Dr. Saturday - NCAAF

Part of the Doc's Big Ten Week.

The guiding premise of "Life on the Margins," in-season and out, is that teams are always better judged for predictive purposes by "down-to-down" statistics -- that is, on the basic premises of how well they move the ball on offense and stop opponents from moving the ball on defense, focusing on blocking, tackling, execution and all that rot removed from factors like field position and turnovers, which tend to be fairly random, distort the reality of the "down-to-down" fundamentals and ultimately even out over time. By that standard, as I've pointed out before, Illinois clearly improved in 2008 for the second year in a row:

Relative to 2007, last year's Illini outgained opponents by more yards per play and per game, won by wider margins on average, lost by smaller margins on average and even managed to outgain opponents by about the same margin in losses as it did in all games in '07. By all of those major, objective standards, Illinois improved.

And, like, won half as many games. Essentially the same 9-4/6-2 Rose Bowl up-and-comers of '07 gasped home last year at 5-7/3-5 after losing four of the last five. How does a team that gains more yards, scores more points and allows fewer yards than its very successful predecessor -- especially when, again, it's essentially the same team -- fall so completely off the map?

Phil Steele has made part of his living with this idea in an annual feature in his labyrinthine preseason magazine called "Turnovers=Turnaround," based on the simple premise that teams with high turnover margins in either direction (he usually looks at teams that +10 or better/ –10 or worse) tend overwhelmingly -- about two-thirds of the time -- to move in the opposite direction the following season as the giveaways and takeaways even out. If you want one number in Illinois' case that screams "significant regression" -- the only one, in fact -- ball control is it"

It doesn't get much more black-and-white than that: 7-0 when winning the turnover game, 2-15 when losing it. (And 4-6 when it evens out.) The two wins in '07 with negative turnover rates? Over Ball State and the hopeless, 1-11 version of Minnesota. Last year's team put on a clinic in how to give away wins -- or at least chances to win -- over the last two months, losing to Minnesota, Western Michigan and Northwestern despite outgaining all three; the Illini outgained Minnesota alone by a staggering 238 yards but managed to lose by fumbling away two touchdowns (one directly, one setting up the Gophers inside the Illinois 10-yard line) and failing on fourth down from the Minnesota one in the second half. Illinois averaged an impressive 418 yards in five losses after Oct. 11, and yet failed to score more than 20 points in any of them.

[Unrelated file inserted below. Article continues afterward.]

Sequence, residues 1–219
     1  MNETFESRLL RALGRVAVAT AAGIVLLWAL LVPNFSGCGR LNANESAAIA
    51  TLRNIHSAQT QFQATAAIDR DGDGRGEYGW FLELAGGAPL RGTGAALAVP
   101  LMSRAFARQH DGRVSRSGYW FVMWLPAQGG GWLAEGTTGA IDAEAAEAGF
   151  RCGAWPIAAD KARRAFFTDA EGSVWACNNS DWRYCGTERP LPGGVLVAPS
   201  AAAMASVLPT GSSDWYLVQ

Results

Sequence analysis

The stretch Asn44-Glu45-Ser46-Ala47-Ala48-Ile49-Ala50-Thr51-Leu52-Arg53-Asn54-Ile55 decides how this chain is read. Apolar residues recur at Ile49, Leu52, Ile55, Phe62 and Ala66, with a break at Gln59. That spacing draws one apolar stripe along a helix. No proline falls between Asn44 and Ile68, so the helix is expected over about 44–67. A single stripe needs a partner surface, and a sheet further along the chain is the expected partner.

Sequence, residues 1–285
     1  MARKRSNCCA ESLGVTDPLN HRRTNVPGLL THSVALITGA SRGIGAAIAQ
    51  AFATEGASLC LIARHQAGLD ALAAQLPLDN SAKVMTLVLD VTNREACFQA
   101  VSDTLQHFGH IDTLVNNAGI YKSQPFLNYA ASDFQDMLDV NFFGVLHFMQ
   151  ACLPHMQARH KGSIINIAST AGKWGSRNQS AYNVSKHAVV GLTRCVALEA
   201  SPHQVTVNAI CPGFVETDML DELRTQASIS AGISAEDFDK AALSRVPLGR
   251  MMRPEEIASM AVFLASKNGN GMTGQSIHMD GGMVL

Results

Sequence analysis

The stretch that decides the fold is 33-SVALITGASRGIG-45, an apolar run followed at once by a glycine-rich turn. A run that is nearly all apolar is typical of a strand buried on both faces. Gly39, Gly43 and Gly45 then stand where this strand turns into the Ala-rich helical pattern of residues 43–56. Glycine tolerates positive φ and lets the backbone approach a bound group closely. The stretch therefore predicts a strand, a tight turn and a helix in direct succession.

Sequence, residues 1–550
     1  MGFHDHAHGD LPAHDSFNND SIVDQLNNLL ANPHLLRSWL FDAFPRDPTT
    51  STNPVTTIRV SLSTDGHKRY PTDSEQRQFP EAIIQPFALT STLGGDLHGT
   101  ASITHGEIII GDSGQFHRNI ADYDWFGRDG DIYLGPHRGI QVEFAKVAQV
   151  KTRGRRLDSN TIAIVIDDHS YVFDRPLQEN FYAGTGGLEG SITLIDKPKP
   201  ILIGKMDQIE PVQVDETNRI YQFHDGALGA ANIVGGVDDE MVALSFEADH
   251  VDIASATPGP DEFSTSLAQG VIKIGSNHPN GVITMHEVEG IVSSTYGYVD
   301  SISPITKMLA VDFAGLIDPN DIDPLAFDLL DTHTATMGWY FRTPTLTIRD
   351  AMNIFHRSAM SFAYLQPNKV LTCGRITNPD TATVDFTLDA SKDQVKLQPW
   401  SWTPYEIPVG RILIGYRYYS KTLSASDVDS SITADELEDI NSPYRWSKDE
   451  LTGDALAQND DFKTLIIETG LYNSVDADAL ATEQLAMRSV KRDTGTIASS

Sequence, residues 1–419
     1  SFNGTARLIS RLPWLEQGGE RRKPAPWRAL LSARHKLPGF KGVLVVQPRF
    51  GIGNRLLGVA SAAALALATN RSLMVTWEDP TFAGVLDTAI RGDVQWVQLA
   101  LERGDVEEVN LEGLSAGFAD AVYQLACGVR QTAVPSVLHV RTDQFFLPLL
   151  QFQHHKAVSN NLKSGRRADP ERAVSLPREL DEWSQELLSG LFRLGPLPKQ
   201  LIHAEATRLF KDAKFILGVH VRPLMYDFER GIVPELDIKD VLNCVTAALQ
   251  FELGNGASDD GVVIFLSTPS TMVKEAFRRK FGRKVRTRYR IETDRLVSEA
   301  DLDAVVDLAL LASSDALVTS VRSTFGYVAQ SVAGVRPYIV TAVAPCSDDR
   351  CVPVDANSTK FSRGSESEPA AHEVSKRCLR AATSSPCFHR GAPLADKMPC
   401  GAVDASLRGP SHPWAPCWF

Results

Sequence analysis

At the same time, the Illini had a fairly modest game on offense (329 total yards) in a win over Iowa, when the defense was able to get three turnovers back for the three the offense gave the Hawkeyes; it was the only game Iowa lost after Oct. 11 despite holding the Illini offense relatively in check. When it held on to the ball, this was still a solid, competitive team.

Ergo, it should still have the potential to match or even exceed the heights of 2007, yeah? Given the schedule (six games against teams that won at least nine games last year, and the critical trifecta of Ohio State-Penn State-Michigan State coming back-to-back to start the Big Ten season) and the losses on defense (seven starters gone), that's probably going a little far. But this time last year, the Illini were widely regarded as one of the top two or three teams in the conference and as a top-20 team overall. As muddled as the conference appears behind Ohio State and Penn State, there's no good reason the Illini can't finish nearer to that track, which would likely land them in one of the New Year's Day bowls, than to the milquetoast projections based on last year's swoon. (Then again, we are talking about an offense led by Juice Williams, for whom giveaways may be a fundamental tenet of his very being. If that's the case again, especially if Williams continues to carry the heaviest load in the running game, then we officially have another Zook team permanently branding itself as "self-destructive," and the clock will begin ticking loudly.)

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